Summary: When God’s people returned to Jerusalem after nearly a century of exile, they found their city in ruins. The Temple of God–where they believed God lived–was destroyed. This is a story about how God’s people plugged in to His supernatural power.

Are You Plugged in to Celebrate God’s Goodness?

Ezra 3:10-13

by Dr. David O. Dykes


I have a light here, but it’s not doing what it was created to do. It’s not shining. The reason it isn’t fulfilling its purpose for existence is because it isn’t plugged in to a source of power. I’ve got a power strip here–and I think I can fix the problem. I’ll plug the light into the power strip and then plug the power strip into the power strip. Hmm. I guess that’s the problem. Some people are trying to plug in to themselves, and it’s not working! But when I plug the light into this extension cord, which is plugged into a source of invisible power that is generated a long way from here an amazing thing happens. Energy surges into the light bulb and–voilà! There is light.

You may be like this light. You realize you don’t have much power in your life–power to love, power to live, power to forgive, will-power. And you may think all the resources you need are hidden somewhere deep inside you. Instead, you need to realize there is a source of power available to you that is generated far away from here and in a way you don’t understand. It’s the supernatural power of the Almighty God, and that power is available to you!

During the past month, we have been talking about the importance of getting plugged in to the very best God has for you this year. These messages are taken from the wonderful Old Testament Book of Ezra. 2,500 years ago, when God’s people returned to Jerusalem after almost a century of being exiled in Babylon, they found their city in ruins. The Temple of God–where they believed God lived–had been destroyed. This is a story of how God’s people plugged in to His supernatural power.

These messages have simply followed exactly what happened in Ezra 3. The first thing they did was to gather together to study God’s Word. You need to be plugged in to a small group Bible study. Next they gave God several offerings. Last week we talked about how you’ll never experience God’s best until you plug in to His plan of bringing the Lord’s tithe to the Lord’s house on the Lord’s day to support the Lord’s work.

When we come to verse 10, we discover there was a final important activity that allowed them to plug in to God’s best. They decided to rebuild the Temple, so they gathered for a ground-breaking worship service. In our minds, let’s go back in time and try to see, hear, and experience what happened at that worship service:

When the builders laid the foundation of the temple of the Lord, the priests in their vestments and with trumpets, and the Levites (the sons of Asaph) with cymbals, took their places to praise the Lord as prescribed by David, king of Israel. With praise and thanksgiving they sang to the Lord: “He is good; his love to Israel endures forever.” And all the people gave a great shout of praise to the Lord, because the foundation of the house of the Lord was laid. But many of the older priests and Levites and family heads, who had seen the former temple, wept aloud when they saw the foundation of this temple being laid, while many others shouted for joy. No one could distinguish the sound of the shouts of joy from the sound of weeping, because the people made so much noise. And the sound was heard far away.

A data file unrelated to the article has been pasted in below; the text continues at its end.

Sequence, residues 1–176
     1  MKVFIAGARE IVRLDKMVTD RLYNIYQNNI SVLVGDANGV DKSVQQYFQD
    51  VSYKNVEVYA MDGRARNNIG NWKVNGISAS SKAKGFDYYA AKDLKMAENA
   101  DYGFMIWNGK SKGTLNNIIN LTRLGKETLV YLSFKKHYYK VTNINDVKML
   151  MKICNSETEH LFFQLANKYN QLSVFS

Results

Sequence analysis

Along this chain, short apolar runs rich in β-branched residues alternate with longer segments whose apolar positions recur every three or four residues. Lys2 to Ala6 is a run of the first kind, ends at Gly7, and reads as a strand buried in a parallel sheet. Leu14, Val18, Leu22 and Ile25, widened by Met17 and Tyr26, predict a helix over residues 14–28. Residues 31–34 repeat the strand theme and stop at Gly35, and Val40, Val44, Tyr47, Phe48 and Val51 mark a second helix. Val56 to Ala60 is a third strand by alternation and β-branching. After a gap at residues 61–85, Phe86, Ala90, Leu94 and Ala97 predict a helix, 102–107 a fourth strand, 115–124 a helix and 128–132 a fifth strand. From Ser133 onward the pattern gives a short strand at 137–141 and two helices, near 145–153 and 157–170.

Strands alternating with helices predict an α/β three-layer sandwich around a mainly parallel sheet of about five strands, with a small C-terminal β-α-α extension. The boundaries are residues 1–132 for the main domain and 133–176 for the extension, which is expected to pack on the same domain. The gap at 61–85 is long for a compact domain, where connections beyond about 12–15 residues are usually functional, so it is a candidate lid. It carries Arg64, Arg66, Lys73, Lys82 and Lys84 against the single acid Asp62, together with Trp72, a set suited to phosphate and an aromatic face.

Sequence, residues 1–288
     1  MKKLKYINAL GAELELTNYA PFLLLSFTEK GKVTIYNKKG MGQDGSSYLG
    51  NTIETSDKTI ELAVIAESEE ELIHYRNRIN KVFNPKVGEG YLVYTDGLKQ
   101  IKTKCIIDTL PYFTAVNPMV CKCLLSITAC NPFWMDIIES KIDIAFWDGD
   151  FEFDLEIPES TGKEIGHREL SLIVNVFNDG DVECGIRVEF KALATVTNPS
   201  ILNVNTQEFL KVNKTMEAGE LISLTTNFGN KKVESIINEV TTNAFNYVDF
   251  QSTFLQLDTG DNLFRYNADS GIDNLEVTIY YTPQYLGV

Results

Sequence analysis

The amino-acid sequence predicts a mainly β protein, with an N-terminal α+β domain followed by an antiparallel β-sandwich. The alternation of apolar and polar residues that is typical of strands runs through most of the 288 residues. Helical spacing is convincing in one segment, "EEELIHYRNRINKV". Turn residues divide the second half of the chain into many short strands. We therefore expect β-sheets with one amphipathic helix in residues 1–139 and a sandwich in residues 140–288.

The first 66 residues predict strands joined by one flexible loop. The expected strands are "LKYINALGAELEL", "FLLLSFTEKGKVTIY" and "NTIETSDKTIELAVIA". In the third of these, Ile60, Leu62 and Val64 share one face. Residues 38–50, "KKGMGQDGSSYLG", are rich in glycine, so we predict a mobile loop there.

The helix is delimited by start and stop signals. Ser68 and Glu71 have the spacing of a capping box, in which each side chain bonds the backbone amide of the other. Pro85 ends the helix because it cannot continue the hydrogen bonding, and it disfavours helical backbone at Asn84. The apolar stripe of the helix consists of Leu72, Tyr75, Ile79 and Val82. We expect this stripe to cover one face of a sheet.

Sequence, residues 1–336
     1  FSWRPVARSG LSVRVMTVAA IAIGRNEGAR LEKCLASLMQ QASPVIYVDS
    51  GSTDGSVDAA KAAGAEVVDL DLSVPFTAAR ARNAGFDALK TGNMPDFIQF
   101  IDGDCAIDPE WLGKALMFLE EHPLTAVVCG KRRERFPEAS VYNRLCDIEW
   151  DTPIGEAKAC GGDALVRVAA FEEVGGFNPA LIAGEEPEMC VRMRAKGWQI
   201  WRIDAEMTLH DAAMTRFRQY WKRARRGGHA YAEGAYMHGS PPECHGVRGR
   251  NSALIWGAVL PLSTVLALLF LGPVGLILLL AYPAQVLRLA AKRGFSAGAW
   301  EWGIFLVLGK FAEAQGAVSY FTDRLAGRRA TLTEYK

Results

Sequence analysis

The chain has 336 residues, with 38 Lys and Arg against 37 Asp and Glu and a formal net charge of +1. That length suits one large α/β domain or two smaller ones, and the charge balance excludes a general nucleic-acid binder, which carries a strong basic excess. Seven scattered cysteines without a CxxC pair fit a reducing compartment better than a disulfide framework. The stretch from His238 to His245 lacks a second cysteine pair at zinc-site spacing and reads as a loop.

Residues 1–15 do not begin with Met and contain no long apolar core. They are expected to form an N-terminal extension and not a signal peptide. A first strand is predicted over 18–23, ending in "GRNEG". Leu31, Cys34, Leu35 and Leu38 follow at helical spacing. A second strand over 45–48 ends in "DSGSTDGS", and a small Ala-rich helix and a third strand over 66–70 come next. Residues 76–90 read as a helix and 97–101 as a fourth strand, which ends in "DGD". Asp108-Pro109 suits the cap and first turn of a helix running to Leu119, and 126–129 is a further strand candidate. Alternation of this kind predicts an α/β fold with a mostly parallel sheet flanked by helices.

If you want to plug in to God’s best for you in 2003, you must make a commitment to worship–to celebrate God’s goodness. I didn’t say make a commitment to attend worship–but a commitment to really worship God. Worship not only honors God, it will refresh your life and be a blessing to others.

When people around America hear the miraculous story of what God is doing in Green Acres, they often want to ask me questions about our church. One question I’m always asked is: What worship style do you use? I know what they mean. They want to add a man-made adjective in front of the word worship. They want to know if we use contemporary worship; or blended worship; or traditional worship; or casual worship; or charismatic worship; or liturgical worship.

I don’t like those adjectives, because they are all so relative–even among Baptist churches. Compared to First Baptist Church, Charleston, S.C. where I preached in a robe and the choir sang an anthem in Latin, we are wildly contemporary. But compared to some of the Baptist Gen-X churches in the metroplex, we would be stiffly traditional. I used to employ some of those adjectives myself, but God convicted me about the danger of adding a man-made word to a word that is all about God–worship. So I refuse to use any of those adjectives to describe our worship. If they keep pressing me for an adjective to describe our worship, there is only one adjective I’ll use. Biblical. We are striving for biblical worship. If you aren’t sure what biblical worship is, let me give you four quick characteristics of biblical worship we find in Ezra 3.

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